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News Releases from Region 10

New “Top Cop” selected for EPA’s Criminal Investigation Division in the Northwest and Alaska

Contact Information: 
Mark MacIntyre (macintyre.mark@epa.gov)

(Seattle – September 29, 2016)  Jeanne Proctor’s recent arrival at EPA’s Region 10 office in Seattle brings an experienced senior law enforcement professional who is poised to champion environmental justice while protecting public health and the environment.  With a primary focus on fighting environmental crimes, Jeanne understands that some groups are more at risk and disproportionately affected by polluted air, water and land than others.

As Special Agent in Charge (SAC) of the Region 10 Criminal Investigation Division, Proctor leads the criminal enforcement program and spearheads complex environmental criminal investigations throughout Alaska, Idaho, Oregon and Washington.  An Area Office, under the supervision of a Special Agent in Charge, is located in each of EPA’s 10 regional offices, with smaller resident offices in several dozen other locations across the country.

According to SAC Proctor: “I am proud to represent EPA Criminal Investigation Division in the Northwest and Alaska.  Our team has investigative talents necessary to go the distance on important environmental crimes, including delivering meaningful criminal prosecutions on behalf of the United States.”  She also said, “Working closely with state enforcement partners, we can put to good use specialized investigative techniques and legal tools to help protect people and the natural resources that we care so deeply about.”

Agency officials observe that Jeanne’s background reflects the high standards, quality values and professionalism needed to lead the Region’s criminal investigations program.  She holds a doctorate in education, focusing on natural resources and cultural interpretation, a master’s degree in public administration and a B.A. in sociology.

“Our criminal enforcement officers are on the front line, protecting peoples’ health and our communities,” said Dennis McLerran, Regional Administrator of EPA’s Northwest office.  “We welcome Jeanne in her leadership role in our Criminal Investigation Division.”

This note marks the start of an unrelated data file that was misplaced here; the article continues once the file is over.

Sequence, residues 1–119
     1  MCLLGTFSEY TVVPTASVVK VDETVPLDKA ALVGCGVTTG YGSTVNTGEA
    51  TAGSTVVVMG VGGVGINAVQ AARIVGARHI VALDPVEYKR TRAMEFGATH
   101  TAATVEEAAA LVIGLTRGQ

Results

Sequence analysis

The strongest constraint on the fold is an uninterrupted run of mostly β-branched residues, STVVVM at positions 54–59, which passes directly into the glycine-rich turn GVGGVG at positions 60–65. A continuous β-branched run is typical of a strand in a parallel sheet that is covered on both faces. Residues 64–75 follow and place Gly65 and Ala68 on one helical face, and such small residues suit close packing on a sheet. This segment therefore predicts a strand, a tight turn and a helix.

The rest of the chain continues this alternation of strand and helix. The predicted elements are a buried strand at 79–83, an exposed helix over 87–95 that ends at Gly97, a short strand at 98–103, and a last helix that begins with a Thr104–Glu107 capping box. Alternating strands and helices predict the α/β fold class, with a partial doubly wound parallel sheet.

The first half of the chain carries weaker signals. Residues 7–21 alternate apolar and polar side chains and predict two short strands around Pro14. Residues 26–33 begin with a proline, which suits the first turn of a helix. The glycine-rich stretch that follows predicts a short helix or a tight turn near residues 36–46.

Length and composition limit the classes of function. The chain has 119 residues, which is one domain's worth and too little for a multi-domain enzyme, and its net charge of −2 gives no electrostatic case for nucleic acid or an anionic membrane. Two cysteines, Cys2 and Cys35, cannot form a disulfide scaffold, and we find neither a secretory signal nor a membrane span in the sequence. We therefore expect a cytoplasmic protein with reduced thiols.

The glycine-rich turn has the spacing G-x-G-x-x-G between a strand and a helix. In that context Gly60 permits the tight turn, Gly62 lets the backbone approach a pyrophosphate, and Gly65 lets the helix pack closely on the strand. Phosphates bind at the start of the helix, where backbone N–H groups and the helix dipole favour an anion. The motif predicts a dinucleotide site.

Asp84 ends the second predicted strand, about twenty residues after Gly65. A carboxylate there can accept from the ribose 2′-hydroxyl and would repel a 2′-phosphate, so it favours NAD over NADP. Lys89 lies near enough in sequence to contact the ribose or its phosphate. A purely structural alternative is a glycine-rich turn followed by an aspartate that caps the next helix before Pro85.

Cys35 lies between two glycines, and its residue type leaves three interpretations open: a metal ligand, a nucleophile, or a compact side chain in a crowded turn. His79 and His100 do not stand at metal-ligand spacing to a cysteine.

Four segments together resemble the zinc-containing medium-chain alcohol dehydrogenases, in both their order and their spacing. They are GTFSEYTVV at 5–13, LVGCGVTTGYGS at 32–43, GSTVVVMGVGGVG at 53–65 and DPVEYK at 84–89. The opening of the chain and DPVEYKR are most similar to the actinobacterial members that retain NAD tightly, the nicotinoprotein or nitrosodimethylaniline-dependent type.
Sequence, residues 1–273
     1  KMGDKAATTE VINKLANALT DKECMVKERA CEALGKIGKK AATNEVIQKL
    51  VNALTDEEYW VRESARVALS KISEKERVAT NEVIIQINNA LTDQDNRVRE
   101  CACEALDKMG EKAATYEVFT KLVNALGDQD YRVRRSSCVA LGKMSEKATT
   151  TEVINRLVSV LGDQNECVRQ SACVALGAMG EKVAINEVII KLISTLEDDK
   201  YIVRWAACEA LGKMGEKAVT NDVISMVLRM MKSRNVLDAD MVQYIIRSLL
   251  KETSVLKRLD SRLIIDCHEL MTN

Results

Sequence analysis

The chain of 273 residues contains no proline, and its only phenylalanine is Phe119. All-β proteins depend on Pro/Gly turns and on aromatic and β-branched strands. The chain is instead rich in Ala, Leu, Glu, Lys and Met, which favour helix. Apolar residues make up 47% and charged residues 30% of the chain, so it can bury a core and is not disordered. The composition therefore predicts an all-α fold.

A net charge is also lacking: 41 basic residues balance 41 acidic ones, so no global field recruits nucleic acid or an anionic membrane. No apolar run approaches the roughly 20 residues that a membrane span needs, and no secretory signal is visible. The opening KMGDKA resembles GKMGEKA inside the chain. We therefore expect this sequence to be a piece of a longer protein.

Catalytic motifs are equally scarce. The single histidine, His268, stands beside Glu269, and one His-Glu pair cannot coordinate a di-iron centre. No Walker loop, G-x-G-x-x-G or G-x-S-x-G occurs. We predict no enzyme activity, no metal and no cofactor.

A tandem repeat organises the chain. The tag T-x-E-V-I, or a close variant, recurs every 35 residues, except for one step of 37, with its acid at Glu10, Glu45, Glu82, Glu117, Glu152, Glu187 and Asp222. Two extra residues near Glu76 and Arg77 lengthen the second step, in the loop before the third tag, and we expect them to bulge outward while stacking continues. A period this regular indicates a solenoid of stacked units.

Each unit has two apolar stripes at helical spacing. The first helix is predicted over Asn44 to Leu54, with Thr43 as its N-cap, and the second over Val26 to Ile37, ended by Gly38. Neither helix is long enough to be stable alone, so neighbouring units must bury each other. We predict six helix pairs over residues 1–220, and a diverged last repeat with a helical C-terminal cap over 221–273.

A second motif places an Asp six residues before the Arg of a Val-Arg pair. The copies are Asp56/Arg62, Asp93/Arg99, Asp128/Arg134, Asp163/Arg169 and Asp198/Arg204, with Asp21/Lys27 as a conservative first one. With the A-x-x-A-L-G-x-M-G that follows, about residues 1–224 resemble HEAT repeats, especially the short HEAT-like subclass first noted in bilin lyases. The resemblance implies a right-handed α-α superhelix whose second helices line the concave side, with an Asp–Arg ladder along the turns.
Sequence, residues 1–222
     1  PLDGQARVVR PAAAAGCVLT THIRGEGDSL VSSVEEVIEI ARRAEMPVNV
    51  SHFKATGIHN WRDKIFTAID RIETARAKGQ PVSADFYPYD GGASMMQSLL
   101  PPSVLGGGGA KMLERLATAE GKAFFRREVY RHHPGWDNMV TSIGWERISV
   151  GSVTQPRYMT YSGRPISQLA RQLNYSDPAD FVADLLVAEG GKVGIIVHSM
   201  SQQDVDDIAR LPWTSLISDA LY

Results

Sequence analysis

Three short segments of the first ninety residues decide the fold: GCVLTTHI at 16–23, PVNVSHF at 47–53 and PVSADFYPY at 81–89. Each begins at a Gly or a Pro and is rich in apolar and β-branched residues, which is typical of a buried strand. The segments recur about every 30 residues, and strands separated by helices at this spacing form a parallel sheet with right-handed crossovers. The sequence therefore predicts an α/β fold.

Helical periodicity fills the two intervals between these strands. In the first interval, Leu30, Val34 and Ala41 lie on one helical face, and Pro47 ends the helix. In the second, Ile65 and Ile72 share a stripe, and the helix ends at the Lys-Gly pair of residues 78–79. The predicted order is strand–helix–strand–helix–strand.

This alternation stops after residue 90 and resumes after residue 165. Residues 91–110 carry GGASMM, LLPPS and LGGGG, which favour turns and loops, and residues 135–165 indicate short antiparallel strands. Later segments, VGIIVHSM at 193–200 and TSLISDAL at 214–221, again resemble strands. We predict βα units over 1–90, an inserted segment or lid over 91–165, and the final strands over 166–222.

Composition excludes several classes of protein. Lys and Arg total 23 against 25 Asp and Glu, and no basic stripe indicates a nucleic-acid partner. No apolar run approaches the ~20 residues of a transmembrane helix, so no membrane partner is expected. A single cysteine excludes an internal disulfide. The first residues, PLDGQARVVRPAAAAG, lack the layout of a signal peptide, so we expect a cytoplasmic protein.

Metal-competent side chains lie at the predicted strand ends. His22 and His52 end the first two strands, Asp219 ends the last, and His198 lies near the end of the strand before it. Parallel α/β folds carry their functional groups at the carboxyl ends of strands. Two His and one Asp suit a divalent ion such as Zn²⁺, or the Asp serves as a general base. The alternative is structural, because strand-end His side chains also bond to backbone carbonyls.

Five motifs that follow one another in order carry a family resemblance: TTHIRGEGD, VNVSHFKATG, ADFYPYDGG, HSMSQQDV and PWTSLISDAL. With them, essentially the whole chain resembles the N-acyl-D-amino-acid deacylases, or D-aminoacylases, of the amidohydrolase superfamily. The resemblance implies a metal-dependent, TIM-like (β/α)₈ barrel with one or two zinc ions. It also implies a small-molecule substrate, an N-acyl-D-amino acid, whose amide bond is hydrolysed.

Jeanne’s public service, spanning a 25-year enforcement career, includes 15 years as a federal agent and 10 years in police leadership, program management and Office of Professional Responsibility assignments. For nearly seven years, she was a SAC with the Department of the Interior, Bureau of Land Management and Bureau of Reclamation in Denver, Colorado. Also, Jeanne is a former military police platoon leader and commander.  She is a Desert Storm-era Army combat veteran. Established in 1983, EPA’s Criminal Investigation Division’s (CID) mission is to investigate allegations of the most egregious violations of the federal environmental statutes, and to assist the Department of Justice in the prosecution of individuals and corporations charged with criminal offenses. EPA’s Office of Criminal Enforcement includes nearly 180 criminal investigators -- federal agents with full law enforcement authority who are highly trained and committed to protecting human health and the environment.

A few notable EPA criminal enforcement prosecutions against polluters in the Northwest include the following:

Noble Drilling – On December 19, 2014, Noble Drilling (U.S.) LLC pleaded guilty to eight crimes, including five pertaining to the Act to Prevent Pollution from Ships.  Noble was sentenced to pay $12.2 million in fines and community service payments.  Also, Noble was ordered to serve a four-year probation period during which time the Company must implement an environmental compliance plan. (Dutch Harbor and Seward, Alaska)

Max Spatig – On October 8, 2015, Mr. Max Spatig was sentenced to 46-months in prison, three years supervised release, and ordered to pay $498,652 in restitution. In 2010, officials discovered thousands of containers haphazardly discarded on his private property – piles of one-gallon cans to 55-gallon drums – of soaps, degreaser, paints, hydrochloric acid, oxidizers, and other unknown material.  Many of the containers had been compromised and were leaking.  EPA initiated an emergency response with an administrative warrant and coordinated with the EPA Criminal Investigation Division and National Enforcement Investigations Center. (Rexburg, Idaho)

HD Lindavia – On June 3, 2015, Herm. Dauelsberg (HD) was sentenced in federal court to pay $750,000 in fines and community service payments for violating the Act to Prevent Pollution from Ships by intentionally discharging 1,780 gallons of oily water into the sea and presenting false records to the Coast Guard. (Aleutian Islands, Alaska)

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More information on EPA’s investigations of criminal environmental crimes: http://www.epa.gov/enforcement/criminal-enforcement